Conclusion

The statistical study of a relatively large sample of Divi series antoniniani, using the methods described, allowed us to estimate to volume of die production and overall emission, showing the relative rarity of the different restored emperors, and demonstrating their initial unequal presence and the absence of any selective reduction over time.

Non-statistical information has also been drawn from the database in the form of a series of die-link trees.  These die-links show continuity in the mint indicating that the Divi series coins were all produced within a single officina.  This supports the proposed chronology of coin production and the estimates of the die use.

The study the known hybrids and by an analysis of related hoards provided additional evidence for dating the interval of production.  This confirmed stylistic and historical arguments that dated initial striking to the reign of Trajan Decius and continuation of the series into the reign of Trebonianus Gallus and Volusian, whose hybrids are linked with other coins of the data base.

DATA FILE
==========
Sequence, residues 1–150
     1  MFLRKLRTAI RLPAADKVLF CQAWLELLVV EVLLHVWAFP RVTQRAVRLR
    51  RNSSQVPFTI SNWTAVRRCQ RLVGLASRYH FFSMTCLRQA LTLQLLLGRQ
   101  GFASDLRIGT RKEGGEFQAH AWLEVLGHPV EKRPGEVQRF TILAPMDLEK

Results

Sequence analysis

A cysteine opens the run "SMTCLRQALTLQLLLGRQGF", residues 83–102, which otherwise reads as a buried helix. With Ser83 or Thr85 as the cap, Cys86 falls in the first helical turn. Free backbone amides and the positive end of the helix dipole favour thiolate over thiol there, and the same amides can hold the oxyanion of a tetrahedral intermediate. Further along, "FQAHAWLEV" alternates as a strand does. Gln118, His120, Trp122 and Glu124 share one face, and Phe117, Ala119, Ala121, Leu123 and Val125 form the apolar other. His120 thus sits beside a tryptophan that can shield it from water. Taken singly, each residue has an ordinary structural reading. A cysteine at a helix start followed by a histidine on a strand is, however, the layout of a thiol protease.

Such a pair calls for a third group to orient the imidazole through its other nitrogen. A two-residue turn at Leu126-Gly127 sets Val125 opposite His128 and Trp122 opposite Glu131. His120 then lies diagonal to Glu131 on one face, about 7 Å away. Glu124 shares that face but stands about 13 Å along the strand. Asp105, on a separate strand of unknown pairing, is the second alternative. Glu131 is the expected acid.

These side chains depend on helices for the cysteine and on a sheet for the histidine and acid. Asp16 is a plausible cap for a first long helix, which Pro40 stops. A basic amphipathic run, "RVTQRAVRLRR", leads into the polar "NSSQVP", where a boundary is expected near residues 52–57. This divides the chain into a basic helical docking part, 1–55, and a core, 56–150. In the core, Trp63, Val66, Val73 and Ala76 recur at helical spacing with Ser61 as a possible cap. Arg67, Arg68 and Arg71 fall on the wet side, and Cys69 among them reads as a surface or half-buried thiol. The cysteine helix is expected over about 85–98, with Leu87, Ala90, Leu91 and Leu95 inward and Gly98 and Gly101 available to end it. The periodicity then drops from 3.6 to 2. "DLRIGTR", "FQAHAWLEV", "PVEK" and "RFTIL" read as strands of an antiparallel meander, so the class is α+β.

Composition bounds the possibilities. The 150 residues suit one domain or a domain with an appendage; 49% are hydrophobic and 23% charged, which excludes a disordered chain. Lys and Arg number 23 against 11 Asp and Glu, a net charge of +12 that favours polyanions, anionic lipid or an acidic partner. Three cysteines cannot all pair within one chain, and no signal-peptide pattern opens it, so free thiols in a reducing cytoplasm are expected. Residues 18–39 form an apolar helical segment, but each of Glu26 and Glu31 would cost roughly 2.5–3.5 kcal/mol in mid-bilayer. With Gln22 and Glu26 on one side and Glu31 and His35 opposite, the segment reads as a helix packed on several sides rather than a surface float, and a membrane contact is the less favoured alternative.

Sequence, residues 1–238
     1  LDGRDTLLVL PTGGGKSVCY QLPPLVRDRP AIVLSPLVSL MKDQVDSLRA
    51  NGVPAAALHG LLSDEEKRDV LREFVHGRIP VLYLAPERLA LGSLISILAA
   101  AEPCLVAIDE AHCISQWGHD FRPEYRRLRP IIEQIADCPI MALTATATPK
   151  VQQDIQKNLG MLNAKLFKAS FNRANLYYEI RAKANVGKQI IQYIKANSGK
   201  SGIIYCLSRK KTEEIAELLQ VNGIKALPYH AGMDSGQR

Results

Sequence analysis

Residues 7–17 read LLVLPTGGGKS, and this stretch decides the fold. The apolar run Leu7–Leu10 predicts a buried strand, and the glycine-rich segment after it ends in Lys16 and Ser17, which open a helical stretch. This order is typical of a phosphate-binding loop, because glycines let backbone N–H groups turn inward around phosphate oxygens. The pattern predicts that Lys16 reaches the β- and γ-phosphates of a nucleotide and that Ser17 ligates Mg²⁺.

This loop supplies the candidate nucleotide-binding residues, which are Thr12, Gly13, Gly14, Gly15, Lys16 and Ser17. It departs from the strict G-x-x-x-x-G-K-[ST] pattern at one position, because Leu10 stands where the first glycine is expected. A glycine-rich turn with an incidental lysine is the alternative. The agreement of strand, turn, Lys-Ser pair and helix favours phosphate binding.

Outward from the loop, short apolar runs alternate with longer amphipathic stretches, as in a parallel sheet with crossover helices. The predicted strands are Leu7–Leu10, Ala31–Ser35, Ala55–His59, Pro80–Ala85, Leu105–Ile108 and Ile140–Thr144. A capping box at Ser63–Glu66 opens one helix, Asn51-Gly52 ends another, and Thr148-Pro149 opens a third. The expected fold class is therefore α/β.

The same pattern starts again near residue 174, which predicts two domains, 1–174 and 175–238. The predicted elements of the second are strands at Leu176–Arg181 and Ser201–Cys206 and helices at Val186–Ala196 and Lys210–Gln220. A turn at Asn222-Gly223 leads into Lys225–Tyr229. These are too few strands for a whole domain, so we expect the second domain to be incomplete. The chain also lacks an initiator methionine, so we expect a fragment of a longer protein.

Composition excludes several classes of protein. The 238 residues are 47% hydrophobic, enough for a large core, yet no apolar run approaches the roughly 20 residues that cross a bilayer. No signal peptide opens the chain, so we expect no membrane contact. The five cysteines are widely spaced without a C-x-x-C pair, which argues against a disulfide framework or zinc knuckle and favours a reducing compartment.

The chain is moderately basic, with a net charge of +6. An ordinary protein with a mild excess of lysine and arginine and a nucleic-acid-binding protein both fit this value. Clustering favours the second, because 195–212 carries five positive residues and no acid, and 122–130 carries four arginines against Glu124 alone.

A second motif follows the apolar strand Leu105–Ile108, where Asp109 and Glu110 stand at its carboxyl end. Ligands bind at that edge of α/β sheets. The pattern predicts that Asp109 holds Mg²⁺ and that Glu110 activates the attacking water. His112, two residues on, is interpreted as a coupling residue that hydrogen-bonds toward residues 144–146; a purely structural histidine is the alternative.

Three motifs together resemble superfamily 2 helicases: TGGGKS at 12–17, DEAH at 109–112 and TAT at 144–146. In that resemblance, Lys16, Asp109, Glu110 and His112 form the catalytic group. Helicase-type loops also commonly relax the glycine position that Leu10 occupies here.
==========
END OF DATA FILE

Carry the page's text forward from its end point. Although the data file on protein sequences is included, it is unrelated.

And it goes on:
The initial production of Divi series coinage corresponds then, to the reign of Trajan Decius, being conceptually related to the millennium celebration of Rome and the will of the empire to recover a prestige that guaranteed a political, social, economic and religious stability that the seemed to have been lost.

A few weeks into reign of Trajan Decius the well-known and extensive persecution to the Christians was ordered and it was, no doubt, a common purpose that inspired Decius’ to adopt the name of the emperor who had expanded the empire to its farthest reaches, and to advance a cult of tradition on his coinage .  But the historical context of the period was an overriding factor, which cut short his reign and all attempts to establish a parallel between two moments of the empire separated by a century and a half.

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